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Solutions for Plasticity

6.1. Introduction

There is no mean to determine the plastic behaviour of a material, unless through experiments. Similarly, structural design that considers material plasticity involves complex calculations and iterations as the gradient of curve (yields the amount of stress required to produce a unit of strain) varies from one point to another. Engineers usually adopt linear plastic curve, which is easy to implement yet conservative enough to be safe.

By considering plastic behaviour, an element is expected to carry more stress before the plastic hinge formed (fracture). In this way, element design from elastic design can be optimised. In structural engineering, plasticity is allowed in structural steel design, due to the property of steel where strain hardening will occur at some point beyond its elastic limit. This is a favourable situation that enable steel to carry load without failing drastically, and safe enough for an engineer to allow plastic behaviour in steel. In Eurocode 3, plasticity is allowed only for class l and 2 section, where local buckling will not occur within the member and causes premature loss of sectional resistance.

For plasticity analysis, yield point is important: it is the point where the material changes from having linear stress-strain relationship (elastic) to non-linear (plastic). To ease the analysis, mathematical models are developed alongside simplification of a stress-strain diagram. Fig. 6.1 below shows such effort for perfect plastic and plastic with linear work hardening behaviours.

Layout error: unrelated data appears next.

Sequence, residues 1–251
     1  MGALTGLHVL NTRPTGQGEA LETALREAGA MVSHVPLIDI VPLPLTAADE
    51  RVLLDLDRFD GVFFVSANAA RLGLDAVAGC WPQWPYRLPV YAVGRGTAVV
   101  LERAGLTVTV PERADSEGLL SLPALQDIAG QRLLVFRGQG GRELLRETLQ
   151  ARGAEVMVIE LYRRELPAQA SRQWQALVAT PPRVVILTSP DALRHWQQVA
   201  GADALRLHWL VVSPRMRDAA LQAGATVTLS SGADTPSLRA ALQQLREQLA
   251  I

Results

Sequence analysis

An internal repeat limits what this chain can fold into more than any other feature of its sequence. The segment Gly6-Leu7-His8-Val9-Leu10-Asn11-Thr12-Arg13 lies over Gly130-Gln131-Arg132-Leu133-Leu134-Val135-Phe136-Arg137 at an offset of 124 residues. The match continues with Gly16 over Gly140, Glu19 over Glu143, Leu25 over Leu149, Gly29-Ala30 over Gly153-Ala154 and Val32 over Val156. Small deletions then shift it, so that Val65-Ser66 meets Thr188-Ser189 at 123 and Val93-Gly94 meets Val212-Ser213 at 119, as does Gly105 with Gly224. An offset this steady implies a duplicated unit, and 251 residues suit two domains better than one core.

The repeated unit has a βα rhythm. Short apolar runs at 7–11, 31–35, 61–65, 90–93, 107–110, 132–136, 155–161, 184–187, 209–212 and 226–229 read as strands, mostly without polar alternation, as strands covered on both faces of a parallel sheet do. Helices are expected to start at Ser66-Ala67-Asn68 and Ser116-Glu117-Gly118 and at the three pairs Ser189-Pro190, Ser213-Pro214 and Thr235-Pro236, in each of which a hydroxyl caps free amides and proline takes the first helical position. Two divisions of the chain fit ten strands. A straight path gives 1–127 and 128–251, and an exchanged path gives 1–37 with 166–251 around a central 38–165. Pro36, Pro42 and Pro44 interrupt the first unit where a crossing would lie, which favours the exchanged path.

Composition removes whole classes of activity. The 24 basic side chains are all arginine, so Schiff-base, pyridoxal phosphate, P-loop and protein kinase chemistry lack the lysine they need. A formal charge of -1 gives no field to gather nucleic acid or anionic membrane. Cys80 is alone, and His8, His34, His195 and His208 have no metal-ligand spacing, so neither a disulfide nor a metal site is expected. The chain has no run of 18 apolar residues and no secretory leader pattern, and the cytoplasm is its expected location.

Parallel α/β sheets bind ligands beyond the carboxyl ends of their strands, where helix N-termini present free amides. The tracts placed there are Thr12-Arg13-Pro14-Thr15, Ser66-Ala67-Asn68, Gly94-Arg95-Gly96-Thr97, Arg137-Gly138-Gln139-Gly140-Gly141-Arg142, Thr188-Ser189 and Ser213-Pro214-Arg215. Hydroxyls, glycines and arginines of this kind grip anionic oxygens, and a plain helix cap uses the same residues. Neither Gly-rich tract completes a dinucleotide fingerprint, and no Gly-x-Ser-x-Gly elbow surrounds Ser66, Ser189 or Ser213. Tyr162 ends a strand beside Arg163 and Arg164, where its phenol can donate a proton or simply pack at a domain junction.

Yields criteria

For material scientists and engineers, the amount of stress a material can sustain before it exhibits plastic behaviour is concerned. Given the stress-strain diagram for the material, different yield criteria can be applied depending on the actual situation. Despite the differences, the concepts of those criteria are similar: if the stress developed within a body exceeds its yield strength, then the body is expected to exhibit plastic behaviour. To date, yield criterion always assumes the material to be isotropic. For other types of material, the plastic behaviour will be too difficult and complicated to predict.

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